Aspartame contains similar amounts of calories compared to ordinary sugar (4 calories). However, it is about 200 times sweeter than normal sugar (1). This means that you’ll need tiny quantities of it when sweetening your foods and drinks. This could ultimately reduce your calorie intake.

Recent studies, however, find no link between low-calorie sweeteners and effective weight management. Instead, long-term studies show that there’s a connection between increased weight circumference and weight and regular users of low-calorie sweeteners. Additionally, the Body Mass Index (BMI) of those who consumed non-nutritive sweeteners was modestly increased (10).

Your BMI is an important figure as it’s a determinant of healthy weight. Those who have BMI’s that are within the obesity categories are more likely to develop metabolic conditions. Not only that, the study indicated that long-term users were at higher risk of cardiovascular events (10).

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Aspartame And Your Immune System

A recent review indicates that aspartame may have significant effects on the immune system. Specifically, significant overconsumption of aspartame could lead to inflammation and increased oxidative stress. Additionally, aspartame may affect multiple organs like the heart, liver, kidneys, and brain. The findings were, however, primarily centered around animal studies (12).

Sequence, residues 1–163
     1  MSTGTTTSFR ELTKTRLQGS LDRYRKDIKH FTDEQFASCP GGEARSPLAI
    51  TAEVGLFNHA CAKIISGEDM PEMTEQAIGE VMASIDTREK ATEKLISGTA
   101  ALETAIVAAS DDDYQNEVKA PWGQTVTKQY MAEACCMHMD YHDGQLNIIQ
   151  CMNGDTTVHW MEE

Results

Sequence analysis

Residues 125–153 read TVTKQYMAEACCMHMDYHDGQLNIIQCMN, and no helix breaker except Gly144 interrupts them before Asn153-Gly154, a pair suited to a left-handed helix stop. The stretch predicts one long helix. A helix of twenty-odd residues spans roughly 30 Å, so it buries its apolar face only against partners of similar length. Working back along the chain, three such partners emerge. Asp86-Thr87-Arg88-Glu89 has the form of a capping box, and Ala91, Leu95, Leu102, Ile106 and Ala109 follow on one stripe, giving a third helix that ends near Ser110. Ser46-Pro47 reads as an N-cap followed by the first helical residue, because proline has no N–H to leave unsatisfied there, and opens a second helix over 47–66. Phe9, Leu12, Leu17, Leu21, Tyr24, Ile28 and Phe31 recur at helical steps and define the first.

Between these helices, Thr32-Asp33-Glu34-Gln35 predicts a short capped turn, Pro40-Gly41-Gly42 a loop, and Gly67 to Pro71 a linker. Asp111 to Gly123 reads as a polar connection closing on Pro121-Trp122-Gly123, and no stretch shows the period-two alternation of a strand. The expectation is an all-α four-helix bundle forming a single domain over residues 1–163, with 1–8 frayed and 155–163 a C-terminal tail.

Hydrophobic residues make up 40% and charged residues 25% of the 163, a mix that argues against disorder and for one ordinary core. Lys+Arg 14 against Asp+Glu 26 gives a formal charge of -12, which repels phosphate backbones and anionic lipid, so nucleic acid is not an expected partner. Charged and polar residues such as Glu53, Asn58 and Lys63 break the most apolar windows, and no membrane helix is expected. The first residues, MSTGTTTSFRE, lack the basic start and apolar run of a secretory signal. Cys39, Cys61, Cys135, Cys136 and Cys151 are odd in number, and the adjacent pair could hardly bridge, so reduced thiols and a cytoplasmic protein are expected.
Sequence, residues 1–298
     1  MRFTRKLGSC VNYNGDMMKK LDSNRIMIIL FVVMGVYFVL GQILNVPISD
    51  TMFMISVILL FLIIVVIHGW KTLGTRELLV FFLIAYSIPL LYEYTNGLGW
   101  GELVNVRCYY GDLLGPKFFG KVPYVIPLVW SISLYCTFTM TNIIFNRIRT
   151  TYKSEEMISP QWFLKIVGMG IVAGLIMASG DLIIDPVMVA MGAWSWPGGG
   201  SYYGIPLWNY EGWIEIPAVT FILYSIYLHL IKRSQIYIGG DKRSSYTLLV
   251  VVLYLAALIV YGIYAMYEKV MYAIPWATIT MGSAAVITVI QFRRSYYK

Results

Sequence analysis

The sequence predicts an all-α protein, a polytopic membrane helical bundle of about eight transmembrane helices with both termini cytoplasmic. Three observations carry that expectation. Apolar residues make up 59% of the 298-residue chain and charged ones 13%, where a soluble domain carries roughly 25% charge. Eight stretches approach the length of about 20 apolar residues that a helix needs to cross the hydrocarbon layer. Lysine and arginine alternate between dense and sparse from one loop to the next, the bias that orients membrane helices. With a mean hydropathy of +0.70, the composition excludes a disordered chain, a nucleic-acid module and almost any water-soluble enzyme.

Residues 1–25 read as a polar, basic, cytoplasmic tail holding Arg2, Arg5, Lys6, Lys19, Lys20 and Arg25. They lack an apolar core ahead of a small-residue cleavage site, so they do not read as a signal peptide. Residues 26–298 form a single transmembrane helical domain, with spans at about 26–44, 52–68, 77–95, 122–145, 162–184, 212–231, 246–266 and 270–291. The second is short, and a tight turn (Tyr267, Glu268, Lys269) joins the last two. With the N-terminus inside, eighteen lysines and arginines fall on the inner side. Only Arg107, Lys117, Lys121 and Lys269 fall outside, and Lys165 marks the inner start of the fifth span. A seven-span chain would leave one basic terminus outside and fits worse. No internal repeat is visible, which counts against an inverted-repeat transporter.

That being said, is aspartame bad for you? While it may be considered a better alternative to sugar, aspartame can be just as bad when taken in excess. If you do opt for it, remember to use it moderately and occasionally.

That being said about aspartame, let’s now take a look at stevia. Here are the possible health implications of consuming stevia:

Stevia And Diabetes

Research indicates that stevia doesn’t add any significant number of calories or carbs to your diet. They also neither affect your insulin sensitivity nor how your body responds to blood glucose. This then allows people with diabetes to use it safely (16).

Stevia And Weight Management

Being overweight or obese can be caused by several factors. Some of these causes include physical inactivity and excessive intake of energy-dense foods and drinks. The latter typically have very high fat and added sugar contents.

Americans get about 16% of their total calorie intake from added sugars. This has been associated with weight gain and reduced control of blood sugar levels (4). Stevia has no sugar content and a tiny amount of calories, if any. This means you can use stevia as part of your weight loss diet safely without compromising on taste.

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Stevia And Blood Pressure

Some glycosides in stevia are known to dilate blood vessels. Additionally, they increase sodium excretion and urine output in your body.

This study concluded that stevia could potentially aid in lowering your blood pressure. This can be attributed to the cardiotonic actions of the stevia plant. Cardiotonic action will ideally regulate your heartbeat while normalizing your blood pressure (7).

However, more research is still needed to give better understanding of how stevia affects blood sugar regulation.

Stevia And Pancreatic Cancer

Stevia has several sterols and antioxidant compounds like kaempferol. Some studies indicate that kaempferol may inhibit pancreatic cancer cell growth and migration (9). Pretty impressive, right?

Stevia And Allergies